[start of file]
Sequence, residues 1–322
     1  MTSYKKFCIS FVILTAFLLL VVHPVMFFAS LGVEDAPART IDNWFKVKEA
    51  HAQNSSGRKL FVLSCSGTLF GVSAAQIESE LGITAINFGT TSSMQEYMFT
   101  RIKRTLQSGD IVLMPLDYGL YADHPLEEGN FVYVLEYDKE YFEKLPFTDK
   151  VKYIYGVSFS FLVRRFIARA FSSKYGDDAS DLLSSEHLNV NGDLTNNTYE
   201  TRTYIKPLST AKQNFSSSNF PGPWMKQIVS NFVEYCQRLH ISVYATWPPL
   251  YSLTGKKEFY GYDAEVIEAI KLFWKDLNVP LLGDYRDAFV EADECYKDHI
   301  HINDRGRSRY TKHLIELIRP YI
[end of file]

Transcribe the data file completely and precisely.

Sequence, residues 1–322
     1  MTSYKKFCIS FVILTAFLLL VVHPVMFFAS LGVEDAPART IDNWFKVKEA
    51  HAQNSSGRKL FVLSCSGTLF GVSAAQIESE LGITAINFGT TSSMQEYMFT
   101  RIKRTLQSGD IVLMPLDYGL YADHPLEEGN FVYVLEYDKE YFEKLPFTDK
   151  VKYIYGVSFS FLVRRFIARA FSSKYGDDAS DLLSSEHLNV NGDLTNNTYE
   201  TRTYIKPLST AKQNFSSSNF PGPWMKQIVS NFVEYCQRLH ISVYATWPPL
   251  YSLTGKKEFY GYDAEVIEAI KLFWKDLNVP LLGDYRDAFV EADECYKDHI
   301  HINDRGRSRY TKHLIELIRP YI